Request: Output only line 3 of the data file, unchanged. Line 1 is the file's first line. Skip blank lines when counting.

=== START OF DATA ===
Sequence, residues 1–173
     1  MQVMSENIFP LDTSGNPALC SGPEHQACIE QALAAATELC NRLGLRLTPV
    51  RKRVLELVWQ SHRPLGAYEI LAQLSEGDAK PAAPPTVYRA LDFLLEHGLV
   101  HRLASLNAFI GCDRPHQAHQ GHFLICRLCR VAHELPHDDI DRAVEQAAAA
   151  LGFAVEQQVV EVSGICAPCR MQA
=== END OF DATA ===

    51  RKRVLELVWQ SHRPLGAYEI LAQLSEGDAK PAAPPTVYRA LDFLLEHGLV